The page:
“Encryption” occurs in all discovered files, both local and mapped. The original file is then deleted. For every location where files are found and encrypted, auto-generated ransom notes are created in multiple formats, such as .html, .txt and scripts.  Encryption is local to the infected machineand network infections travel to the local machine and back. Speed depends on volume.

“Payday” comes after encryption, with a ransom note created on the desktop and displayed to the user, then the ransomware terminates and usually deletes itself.

Fighting Back

Shteiman said the varying time when each of these steps occurs may give an opportunity to disable the ransomware. Detection opportunities come between infection and payday. Infection and staging take seconds, but scanning and encryption take minutes to hours, giving a possible opportunity to stop the spread of the infection.

Graphing the connections stitches together user activities which cross accounts, devices, IPs, and networks. Then, a model can be built for anomalies, such as whether it is a new process, mass deletion, new extensions, abnormal or suspicious LAN/WAN location access, registry edits, or deletion or scan on multiple assets.

For further information, log on to for the Threat ResearchReport, The Anatomy of a Ransomware Attack, a white paper which covers the business models used by ransomware operators, the attack chain, and detection and disruption of ransomware in the corporate environment. Being prepared and taking precautions about ransomware can save time and money and prevent future incidents.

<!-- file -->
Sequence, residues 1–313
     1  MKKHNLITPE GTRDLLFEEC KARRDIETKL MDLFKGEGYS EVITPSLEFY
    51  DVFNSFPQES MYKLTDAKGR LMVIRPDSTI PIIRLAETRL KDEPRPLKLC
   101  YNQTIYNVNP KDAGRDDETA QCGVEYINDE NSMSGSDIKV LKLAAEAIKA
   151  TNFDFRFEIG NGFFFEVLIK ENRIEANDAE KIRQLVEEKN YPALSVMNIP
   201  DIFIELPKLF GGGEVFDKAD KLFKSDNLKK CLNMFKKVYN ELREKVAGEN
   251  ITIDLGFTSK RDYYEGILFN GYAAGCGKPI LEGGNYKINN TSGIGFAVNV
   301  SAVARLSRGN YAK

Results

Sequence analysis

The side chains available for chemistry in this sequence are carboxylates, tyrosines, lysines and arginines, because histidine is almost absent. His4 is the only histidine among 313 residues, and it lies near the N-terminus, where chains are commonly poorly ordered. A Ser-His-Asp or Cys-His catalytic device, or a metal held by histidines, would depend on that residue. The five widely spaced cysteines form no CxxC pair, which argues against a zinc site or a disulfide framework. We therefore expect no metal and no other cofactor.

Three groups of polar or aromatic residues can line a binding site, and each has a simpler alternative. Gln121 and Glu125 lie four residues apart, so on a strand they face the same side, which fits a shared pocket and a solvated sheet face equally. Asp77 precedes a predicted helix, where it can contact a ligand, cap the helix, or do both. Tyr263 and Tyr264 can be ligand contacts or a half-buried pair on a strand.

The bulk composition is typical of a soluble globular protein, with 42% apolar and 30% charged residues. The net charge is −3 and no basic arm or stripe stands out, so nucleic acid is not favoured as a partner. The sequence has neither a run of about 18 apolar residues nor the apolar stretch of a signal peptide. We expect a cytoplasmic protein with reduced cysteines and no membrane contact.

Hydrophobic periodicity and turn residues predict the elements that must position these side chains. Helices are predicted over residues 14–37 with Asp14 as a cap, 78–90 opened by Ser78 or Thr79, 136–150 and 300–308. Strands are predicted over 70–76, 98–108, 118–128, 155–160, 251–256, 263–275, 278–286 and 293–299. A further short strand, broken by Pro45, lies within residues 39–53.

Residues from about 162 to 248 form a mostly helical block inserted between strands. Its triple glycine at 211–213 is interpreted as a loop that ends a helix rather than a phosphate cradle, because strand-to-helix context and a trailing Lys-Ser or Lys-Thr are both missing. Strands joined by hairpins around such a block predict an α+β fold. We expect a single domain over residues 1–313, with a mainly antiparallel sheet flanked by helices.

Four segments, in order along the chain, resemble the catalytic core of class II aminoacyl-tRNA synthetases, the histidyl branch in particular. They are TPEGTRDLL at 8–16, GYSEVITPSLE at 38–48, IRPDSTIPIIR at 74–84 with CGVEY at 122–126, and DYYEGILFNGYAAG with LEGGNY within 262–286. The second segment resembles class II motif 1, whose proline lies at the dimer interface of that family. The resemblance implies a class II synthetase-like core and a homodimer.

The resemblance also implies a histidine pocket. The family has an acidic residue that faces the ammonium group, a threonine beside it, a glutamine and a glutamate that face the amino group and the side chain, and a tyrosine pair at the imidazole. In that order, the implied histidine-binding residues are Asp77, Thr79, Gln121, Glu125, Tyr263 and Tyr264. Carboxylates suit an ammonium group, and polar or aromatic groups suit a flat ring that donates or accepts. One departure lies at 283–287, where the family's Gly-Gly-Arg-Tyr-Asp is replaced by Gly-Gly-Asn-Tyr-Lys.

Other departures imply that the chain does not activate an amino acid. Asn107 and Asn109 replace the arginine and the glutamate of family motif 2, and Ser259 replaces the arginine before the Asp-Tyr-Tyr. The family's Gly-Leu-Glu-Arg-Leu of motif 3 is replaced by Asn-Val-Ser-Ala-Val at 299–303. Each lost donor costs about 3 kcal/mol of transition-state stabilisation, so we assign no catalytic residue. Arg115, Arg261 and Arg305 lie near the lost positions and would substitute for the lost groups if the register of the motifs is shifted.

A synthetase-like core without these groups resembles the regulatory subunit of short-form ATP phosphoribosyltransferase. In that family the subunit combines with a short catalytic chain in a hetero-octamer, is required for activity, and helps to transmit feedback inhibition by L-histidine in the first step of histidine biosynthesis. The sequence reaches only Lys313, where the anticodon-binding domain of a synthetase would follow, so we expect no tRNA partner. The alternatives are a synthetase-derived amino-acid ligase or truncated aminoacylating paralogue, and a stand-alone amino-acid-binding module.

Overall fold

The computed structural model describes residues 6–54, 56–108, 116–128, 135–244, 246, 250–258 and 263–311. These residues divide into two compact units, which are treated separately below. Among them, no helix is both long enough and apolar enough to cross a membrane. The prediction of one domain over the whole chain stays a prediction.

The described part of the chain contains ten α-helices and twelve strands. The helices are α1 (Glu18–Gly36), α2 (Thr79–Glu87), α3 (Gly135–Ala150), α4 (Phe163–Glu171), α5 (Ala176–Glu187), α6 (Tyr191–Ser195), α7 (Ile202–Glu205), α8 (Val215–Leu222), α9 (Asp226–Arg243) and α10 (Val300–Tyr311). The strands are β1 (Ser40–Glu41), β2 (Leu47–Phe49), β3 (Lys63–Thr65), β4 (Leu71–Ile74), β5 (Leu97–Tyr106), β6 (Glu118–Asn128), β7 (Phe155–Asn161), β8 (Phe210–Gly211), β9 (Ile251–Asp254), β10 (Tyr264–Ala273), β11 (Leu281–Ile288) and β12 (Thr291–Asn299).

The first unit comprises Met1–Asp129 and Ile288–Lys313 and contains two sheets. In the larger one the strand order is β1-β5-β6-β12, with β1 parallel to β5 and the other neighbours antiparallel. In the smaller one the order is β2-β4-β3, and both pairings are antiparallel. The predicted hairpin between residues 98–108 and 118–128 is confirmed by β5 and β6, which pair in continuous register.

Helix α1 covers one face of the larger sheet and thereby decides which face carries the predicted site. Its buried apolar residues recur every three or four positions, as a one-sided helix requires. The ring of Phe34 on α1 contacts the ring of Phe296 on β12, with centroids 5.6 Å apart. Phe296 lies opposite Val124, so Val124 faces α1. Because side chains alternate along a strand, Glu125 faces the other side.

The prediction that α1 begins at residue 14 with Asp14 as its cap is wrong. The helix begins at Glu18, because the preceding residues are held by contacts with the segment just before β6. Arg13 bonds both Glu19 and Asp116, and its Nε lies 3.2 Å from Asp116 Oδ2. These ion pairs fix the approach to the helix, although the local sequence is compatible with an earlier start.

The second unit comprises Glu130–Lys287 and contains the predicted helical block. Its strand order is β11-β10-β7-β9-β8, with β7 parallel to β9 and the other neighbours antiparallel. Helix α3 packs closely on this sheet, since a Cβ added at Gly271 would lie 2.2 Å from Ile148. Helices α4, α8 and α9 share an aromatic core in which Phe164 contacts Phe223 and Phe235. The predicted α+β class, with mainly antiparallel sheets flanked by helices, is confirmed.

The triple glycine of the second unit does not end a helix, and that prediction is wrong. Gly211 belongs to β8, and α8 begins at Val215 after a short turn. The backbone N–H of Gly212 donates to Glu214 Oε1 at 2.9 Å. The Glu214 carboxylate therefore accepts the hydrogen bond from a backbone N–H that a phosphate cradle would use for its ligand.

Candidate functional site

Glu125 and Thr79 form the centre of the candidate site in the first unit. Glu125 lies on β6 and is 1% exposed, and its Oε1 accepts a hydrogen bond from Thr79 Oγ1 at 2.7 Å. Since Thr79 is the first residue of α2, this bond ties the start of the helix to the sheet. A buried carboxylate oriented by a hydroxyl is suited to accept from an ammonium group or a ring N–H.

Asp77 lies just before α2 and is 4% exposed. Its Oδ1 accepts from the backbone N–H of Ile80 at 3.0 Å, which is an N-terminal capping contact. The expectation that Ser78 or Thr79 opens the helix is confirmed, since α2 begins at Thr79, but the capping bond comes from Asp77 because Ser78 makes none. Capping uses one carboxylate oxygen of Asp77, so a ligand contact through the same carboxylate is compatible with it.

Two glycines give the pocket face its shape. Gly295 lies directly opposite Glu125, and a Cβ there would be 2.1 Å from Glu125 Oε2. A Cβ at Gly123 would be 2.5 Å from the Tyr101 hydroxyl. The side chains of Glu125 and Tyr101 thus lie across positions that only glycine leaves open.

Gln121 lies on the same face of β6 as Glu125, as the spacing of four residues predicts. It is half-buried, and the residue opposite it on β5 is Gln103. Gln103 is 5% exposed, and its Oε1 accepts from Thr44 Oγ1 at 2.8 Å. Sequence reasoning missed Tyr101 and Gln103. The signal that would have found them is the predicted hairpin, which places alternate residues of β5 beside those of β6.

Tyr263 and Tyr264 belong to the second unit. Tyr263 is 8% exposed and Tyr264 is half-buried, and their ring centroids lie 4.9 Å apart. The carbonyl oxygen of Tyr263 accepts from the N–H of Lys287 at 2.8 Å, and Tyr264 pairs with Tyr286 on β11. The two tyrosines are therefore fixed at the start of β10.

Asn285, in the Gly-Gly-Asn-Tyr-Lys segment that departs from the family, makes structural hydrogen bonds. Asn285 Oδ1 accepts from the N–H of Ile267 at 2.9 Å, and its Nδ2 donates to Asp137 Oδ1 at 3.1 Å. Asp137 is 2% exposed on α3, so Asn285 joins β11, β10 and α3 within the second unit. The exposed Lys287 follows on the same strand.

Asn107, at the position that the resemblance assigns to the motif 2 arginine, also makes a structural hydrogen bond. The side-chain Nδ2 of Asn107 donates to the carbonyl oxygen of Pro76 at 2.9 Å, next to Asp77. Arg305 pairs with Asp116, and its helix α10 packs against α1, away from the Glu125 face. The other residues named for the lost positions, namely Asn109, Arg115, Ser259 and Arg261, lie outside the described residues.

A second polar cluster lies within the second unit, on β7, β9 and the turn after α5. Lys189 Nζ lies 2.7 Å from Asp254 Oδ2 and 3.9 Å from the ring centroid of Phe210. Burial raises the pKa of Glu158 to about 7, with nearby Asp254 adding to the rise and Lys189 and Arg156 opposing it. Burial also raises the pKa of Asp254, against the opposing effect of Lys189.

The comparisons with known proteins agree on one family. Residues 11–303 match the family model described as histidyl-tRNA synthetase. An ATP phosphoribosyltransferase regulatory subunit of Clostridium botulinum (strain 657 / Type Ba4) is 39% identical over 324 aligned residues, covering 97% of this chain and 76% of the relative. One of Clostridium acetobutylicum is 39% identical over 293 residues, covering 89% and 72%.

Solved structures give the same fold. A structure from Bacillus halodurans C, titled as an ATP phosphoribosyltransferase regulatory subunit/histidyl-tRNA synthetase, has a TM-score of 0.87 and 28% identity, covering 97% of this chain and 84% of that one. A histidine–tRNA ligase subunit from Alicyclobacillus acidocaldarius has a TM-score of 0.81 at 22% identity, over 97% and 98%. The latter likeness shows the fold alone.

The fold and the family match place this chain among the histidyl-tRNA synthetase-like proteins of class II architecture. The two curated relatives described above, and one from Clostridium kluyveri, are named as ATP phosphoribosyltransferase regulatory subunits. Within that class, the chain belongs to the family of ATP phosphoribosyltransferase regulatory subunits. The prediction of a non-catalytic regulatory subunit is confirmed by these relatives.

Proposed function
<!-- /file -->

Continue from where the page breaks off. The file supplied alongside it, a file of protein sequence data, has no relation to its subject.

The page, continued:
StephenieSlahor, Ph.D., J.D., is a writer in the fields of law enforcement and security.  She can be reached at


Ransomware Doesn’t Mean Game Over

According to Adam Kujawa, Head of Malware Intelligence, ransomware works well because undetected variants are developed and deployed quickly and the program has to execute only once to be effective. It can completely lock down a system and encrypt important files. He explained that ransomware uses two primary methods: the “drive-by” which infects the system “behind the scenes” without user interaction; and “phishing” which tricks the user into opening an attachment which will launch a scripting file, download the malware and infect the system, all while evading detection. Kujawa added that, sometimes, it is malware which installs other malware.

Options to fight ransomware include running antivirus/antimalware; using backups for restoration; deleting encrypted files from the backup (assuming the history is enabled); analyzing for the root cause of the infection; and/or finding a decryptor through the Google search engine by Googling the name of the ransomware. Kujawa also recommended which lists decryptors.

Although some users will choose to pay the ransom, Kujawa said such action not only costs money, but encourages more ransomware and the user may not actually get the files back anyway, or the system may be reinfected later. He said, “I do not recommend paying the ransom – ever!”